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Nearly 100 people infected in 'very large' norovirus outbreak in SLO County, officials say

Tribune - 5/25/2023

May 25—An outbreak of norovirus stemming from a North County restaurant has sickened close to 100 people, according to the San Luis Obispo County Public Health Department.

SLO County Public Health Epidemiologist Jessie Burmester said 97 people have been reported sick as part of a confirmed norovirus outbreak earlier this month.

Burmester said the Public Health Department traced the "unusual, very large community outbreak" back to a North County restaurant, though she did not disclose the name of the business.

"When we perform our investigations, we're really looking for a common source or exposure point," she said. "Individuals have provided the name of the restaurant consistently for all the individuals that have reported on behalf of the 97 people so far."

Burmester said the Public Health Department reached its threshold for an outbreak — two reported cases in separate households — on May 15.

That day, the agency received more than two reports about the same exposure source, she said.

Follow-up investigation showed some people experiencing symptoms of norovirus tied to that facility as early as May 11, Burmester added.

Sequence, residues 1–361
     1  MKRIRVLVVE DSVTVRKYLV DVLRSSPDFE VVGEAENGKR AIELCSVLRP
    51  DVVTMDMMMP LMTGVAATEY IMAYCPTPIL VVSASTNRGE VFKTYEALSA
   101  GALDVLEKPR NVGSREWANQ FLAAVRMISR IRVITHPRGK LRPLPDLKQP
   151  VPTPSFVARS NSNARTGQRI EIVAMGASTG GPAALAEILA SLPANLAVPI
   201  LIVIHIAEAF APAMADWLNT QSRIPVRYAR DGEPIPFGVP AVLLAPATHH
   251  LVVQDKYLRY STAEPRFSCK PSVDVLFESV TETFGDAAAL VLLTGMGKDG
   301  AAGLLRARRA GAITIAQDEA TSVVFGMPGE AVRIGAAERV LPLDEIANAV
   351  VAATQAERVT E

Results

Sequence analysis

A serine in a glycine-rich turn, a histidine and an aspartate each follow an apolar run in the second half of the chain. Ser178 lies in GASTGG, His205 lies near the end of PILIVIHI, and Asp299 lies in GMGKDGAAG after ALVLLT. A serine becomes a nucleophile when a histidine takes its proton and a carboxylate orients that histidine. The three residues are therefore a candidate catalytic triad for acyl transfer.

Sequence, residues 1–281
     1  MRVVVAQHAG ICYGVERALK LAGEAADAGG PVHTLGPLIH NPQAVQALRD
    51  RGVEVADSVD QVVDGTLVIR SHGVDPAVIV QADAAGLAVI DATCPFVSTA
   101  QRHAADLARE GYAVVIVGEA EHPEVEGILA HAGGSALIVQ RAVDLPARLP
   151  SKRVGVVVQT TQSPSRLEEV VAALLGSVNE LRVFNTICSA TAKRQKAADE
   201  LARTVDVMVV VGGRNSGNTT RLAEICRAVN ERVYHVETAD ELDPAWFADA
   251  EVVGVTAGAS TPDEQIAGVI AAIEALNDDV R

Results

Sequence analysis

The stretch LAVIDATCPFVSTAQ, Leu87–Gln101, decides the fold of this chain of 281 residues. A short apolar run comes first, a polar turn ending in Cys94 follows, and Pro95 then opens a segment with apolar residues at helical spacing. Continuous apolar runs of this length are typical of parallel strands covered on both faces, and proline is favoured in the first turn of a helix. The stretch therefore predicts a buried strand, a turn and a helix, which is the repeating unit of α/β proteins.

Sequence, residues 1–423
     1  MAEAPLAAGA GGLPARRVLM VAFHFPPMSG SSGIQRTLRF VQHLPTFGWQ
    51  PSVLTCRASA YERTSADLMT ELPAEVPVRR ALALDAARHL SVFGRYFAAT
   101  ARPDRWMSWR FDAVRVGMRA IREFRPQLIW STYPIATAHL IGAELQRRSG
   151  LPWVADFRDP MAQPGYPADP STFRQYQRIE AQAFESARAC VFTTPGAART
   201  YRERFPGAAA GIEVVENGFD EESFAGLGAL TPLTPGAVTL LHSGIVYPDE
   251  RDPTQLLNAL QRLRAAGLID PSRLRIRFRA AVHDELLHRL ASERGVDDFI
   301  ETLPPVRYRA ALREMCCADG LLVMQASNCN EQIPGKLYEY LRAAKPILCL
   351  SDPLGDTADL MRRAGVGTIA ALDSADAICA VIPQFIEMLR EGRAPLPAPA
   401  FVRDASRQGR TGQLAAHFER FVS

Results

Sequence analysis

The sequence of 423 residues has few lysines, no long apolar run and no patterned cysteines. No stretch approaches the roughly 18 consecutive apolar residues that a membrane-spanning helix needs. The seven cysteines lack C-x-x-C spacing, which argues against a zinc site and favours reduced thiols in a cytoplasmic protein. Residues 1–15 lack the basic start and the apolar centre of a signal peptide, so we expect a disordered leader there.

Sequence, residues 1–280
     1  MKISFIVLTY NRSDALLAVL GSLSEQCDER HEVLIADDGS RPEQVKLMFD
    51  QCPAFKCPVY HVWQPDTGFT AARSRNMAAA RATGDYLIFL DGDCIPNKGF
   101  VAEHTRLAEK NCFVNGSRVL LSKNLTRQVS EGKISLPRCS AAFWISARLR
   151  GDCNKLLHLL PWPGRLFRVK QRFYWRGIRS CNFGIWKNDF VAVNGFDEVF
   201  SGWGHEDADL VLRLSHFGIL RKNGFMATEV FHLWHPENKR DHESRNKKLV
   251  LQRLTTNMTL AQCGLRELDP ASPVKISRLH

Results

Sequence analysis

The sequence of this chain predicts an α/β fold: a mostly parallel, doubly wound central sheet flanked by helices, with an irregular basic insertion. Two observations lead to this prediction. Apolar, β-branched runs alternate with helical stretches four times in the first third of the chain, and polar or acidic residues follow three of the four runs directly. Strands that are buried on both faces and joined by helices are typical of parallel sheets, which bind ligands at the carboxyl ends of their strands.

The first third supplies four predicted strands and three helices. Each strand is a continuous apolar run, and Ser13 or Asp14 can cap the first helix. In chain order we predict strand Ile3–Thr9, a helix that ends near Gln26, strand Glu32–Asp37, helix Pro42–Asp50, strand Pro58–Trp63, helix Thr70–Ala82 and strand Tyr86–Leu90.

Once it was identified, the Public Health Department began working to help eliminate further spread by pushing "mass cleaning and disinfection" of the restaurant, as well as attempting to track where the cases originated.

The restaurant in question has been cleaned three times since the outbreak was first reported, she said.

"This has been particularly challenging outbreak," Burmester said, "but it is not abnormal to see norovirus spread like this, because it doesn't take much of the virus to spread at all."

How does norovirus spread? Epidemiologist explains

According to Burmester, there are about 2,500 norovirus outbreaks each year, impacting between 18 million and 21 million Americans.

The virus, which is perhaps best known for its propensity for popping up during cruises, is spread by ingesting infected fecal matter or vomit. It can be spread via contact with a contaminated surface, or even through food, Burmester said.

Symptoms include vomiting, diarrhea, nausea and stomach pain, and they will typically present within about 12 to 48 hours after being exposed to the virus, Burmester said.

There is good news for anyone who catches it: Norovirus typically resolves on its own within about two days without any medical intervention, she said.

Anyone who thinks they may have norovirus is encouraged to hydrate and stay home from work.

People should also remember to thoroughly wash their hands with warm water and soap for at least 20 seconds to help stop the spread of the virus.

Burmester said the Public Health Department is currently tracking a handful of other suspected potential norovirus outbreaks, but no others have been confirmed as of yet.

This story was originally published May 24, 2023, 7:04 PM.


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